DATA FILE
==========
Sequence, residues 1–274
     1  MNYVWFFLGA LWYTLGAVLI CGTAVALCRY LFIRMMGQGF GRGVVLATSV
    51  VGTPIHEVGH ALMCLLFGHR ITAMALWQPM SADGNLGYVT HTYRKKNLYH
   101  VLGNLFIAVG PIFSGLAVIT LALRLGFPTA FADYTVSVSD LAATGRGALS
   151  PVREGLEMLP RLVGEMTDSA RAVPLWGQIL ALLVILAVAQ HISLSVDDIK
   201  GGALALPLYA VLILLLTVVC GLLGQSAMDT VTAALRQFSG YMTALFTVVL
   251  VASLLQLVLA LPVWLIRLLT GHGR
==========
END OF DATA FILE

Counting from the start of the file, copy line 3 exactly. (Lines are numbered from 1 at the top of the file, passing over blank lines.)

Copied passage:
    51  VGTPIHEVGH ALMCLLFGHR ITAMALWQPM SADGNLGYVT HTYRKKNLYH